This is fourth in the series of natural herbal remedies that I call sleep aid herbs. And today we're going to talk passion, as in passionflower (sometimes you'll also see it spelled as passion flower).
Let's start with a little history.
Not surprisingly, native people of North, Central (Aztecs), and South America have been using sleep aid herbs for centuries. They were quite familiar with the sedative and anti-anxiety properties of passionflower.
But it was in 1569 that Spanish Conquistadors in Peru discovered and starting using passionflower.
When these explorers saw the flowers that were growing on the towering vines of passionflower (vines up to 30 feet high), they were fascinated by the fact that the flowers on this plant resembled a cross with a crown of thorns.
It was a reminder to them of the passion of Jesus Christ and they felt it was a sign from Christ that He supported their exploration.
First of all, understand that this type of passionflower has the scientific name of passiflora incarnata. So don't confuse it with another species of passionflower called blue passion flower, which is not one of the sleep aid herbs.
As an herbal medicine, passiflora incarnata is used for nervous tension, anxiety, agitation, and insomnia relief. It's very popular in the United Kingdom as a mild sedative for providing safe, restful, deep sleep because it has a calming effect.
In Germany, Commission E (equivalent to the FDA in the U.S.) has approved passionflower for insomnia and nervousness.
And speaking of safe, in the United States, passionflower does have Generally Recognized As Safe status from the FDA.
All the various sleep aid herbs bring their own unique natural and alternative chemical quality to solving sleep problems. Passionflower is no different and has 7 unique qualities:
Although researchers aren't exactly sure how passionflower works for anxiety and as one of the sleep aid herbs, they suspect it's because the herb contains various flavanoids that relax nerves.
Here's an example. There were two studies done that compared the anti-anxiety benefits of passionflower versus prescription drugs.
The first was reported in the October 2001 Journal of Clinical Pharmacy and Therapeutics. The study concluded this: "The results suggest that Passiflora extract is an effective drug for the management of generalized anxiety disorder, and the low incidence of impairment of job performance with Passiflora extract compared to oxazepam [a pharmaceutical antianxiety drug] is an advantage."
The second study (May-August 2003 issue of the Journal of Pharmacy & Pharmaceutical Sciences) showed that using passionflower for anxiety did not run into the withdrawal problems that come with using diazepam, another pharmaceutical antianxiety drug.
You can take the recommended adult dose of passionflower as a tea, in capsules, or drops in tinctures.
As for the capsules, you can take passion flower alone in supplements or in capsules that contain other sleep aid herbs. For anxiety, I've read recommendations anywhere from 300 to 500 milligrams of just passionflower in capsule form up to three times daily.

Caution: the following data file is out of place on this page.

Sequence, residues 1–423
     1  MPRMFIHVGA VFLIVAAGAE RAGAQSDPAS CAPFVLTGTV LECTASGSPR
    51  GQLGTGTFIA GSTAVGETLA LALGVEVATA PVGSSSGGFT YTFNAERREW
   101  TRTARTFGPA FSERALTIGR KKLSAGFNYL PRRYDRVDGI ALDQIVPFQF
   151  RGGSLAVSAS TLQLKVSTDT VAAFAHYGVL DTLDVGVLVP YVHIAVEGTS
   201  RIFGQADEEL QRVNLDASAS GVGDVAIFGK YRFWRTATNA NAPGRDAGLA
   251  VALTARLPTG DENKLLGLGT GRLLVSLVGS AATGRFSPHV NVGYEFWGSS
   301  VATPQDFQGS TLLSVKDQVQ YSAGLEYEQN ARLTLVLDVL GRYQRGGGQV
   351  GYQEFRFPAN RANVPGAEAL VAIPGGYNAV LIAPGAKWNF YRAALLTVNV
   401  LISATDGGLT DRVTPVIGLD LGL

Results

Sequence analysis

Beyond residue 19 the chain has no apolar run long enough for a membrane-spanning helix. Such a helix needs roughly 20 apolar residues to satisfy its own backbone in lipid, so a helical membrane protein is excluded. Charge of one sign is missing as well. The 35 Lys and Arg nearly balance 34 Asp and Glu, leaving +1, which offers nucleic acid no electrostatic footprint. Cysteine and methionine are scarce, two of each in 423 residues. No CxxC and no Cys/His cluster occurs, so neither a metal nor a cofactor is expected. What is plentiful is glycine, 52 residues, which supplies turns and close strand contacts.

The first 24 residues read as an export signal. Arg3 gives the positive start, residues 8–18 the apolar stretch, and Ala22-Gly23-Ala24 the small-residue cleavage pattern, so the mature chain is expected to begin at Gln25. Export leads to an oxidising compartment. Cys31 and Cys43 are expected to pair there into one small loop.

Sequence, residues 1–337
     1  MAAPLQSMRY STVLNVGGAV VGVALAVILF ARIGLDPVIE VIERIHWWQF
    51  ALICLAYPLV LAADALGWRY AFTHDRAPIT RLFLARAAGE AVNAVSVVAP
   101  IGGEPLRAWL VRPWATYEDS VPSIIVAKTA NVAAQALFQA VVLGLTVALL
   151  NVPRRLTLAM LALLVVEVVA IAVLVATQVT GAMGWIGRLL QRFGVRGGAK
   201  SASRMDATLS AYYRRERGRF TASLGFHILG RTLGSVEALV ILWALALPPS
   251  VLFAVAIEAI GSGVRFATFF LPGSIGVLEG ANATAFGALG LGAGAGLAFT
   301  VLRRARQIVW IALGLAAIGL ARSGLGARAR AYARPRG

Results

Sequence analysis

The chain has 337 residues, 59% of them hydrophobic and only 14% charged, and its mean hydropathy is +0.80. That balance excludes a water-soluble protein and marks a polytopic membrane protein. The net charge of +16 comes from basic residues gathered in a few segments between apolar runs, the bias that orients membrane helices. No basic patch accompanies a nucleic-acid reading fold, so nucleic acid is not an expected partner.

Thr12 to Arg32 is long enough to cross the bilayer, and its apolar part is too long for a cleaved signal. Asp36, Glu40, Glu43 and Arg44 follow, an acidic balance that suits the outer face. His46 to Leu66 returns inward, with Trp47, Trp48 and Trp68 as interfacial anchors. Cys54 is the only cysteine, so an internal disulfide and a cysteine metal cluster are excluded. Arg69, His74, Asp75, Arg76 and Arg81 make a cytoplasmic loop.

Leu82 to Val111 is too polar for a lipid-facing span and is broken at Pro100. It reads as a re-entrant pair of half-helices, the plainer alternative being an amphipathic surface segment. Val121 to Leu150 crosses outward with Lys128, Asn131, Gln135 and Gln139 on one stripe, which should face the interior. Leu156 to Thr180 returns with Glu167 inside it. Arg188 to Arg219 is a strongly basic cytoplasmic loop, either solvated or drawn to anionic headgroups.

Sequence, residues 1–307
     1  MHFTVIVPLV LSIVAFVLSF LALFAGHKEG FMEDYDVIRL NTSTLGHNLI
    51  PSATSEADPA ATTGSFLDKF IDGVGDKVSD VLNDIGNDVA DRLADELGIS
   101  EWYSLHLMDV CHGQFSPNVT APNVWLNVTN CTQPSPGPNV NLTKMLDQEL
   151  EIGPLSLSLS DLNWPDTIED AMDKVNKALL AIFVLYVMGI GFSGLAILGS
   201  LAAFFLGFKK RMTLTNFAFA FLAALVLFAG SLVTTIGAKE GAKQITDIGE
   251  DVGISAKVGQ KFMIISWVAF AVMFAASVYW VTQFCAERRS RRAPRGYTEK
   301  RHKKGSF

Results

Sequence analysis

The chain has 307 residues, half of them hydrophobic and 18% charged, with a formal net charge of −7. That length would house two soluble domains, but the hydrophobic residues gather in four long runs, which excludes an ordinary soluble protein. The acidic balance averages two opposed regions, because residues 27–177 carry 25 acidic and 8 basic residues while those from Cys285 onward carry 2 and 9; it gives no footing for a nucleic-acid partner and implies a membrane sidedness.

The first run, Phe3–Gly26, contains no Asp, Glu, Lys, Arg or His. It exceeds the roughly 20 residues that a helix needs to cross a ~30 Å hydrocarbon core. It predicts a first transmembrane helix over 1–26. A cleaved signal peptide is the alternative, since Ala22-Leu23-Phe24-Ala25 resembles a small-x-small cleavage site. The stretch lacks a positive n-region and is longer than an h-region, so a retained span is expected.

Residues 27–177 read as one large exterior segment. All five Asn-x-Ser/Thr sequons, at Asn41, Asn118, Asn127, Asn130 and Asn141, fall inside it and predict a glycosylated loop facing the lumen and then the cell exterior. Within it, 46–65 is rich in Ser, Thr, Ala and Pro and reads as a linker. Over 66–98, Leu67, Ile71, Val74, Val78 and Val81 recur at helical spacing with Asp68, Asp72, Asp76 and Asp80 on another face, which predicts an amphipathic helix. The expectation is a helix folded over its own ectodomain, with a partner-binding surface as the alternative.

When consumed as a tea to reduce stress and anxiety, drink one cup of tea anywhere from one to three times daily to see how it affects you. Pour a cup of boiling water over one teaspoon of the dried flowers and let it steep for 10 to 15 minutes.
Tinctures contain different amounts, but typically, .5 to 2 ml three times daily is a common recommended amount.
Most importantly, for safety and effectiveness, always read product labels for dosage recommendations.
Fortunately, not much to worry about using this herbal supplement as a sleep aid treatment because there are almost no known side effects.
According to the U.S. National Library of Medicine: "Passion flower is generally considered to be a safe herb with few reported serious side effects. In cases of side effects, the products being used have rarely been tested for contamination, which may have been the cause."
In my reading, the only side effect I found was the possibility of additive effects when taken with other sedatives. So people who are taking other drugs for that purpose need to be aware that passionflower might increase the effect of sedation or drowsiness.
Also keep in mind that because passionflower does produce mild sedation, you'll want to be careful not to use it at times when you need to be alert.
And lastly, as with all the sleep aid herbs, don't take passionflower if you're pregnant. Speak with a qualified health care professional before considering any medicinal herbs. Other than that, use of passion flower as a natural sleep remedy is definitely worth checking out for getting a good night's sleep.
New Zealand's Neuro-Natural Sleep is full of passionflower, green tea extract, valerian, hops, chamomile, and 44 other health and sleep-enhancing nutrients.
Clin Pharm Ther. 2001 Oct;26(5):363-7. Passionflower in the treatment of
generalized anxiety: a pilot double-blind randomized controlled trial with
Part 1: How to Use Herbal Sleep Aids as Herbal Remedies for Insomnia
Part 2: More Herbal Remedies for Insomnia...Turn Off Your Mind
Part 3: Herbs For Sleep-Hops
Part 5: An Herbal Sleep Remedy For Egyptian Mummies?
Part 6 of Herbal Sleep Remedies: Chamomile
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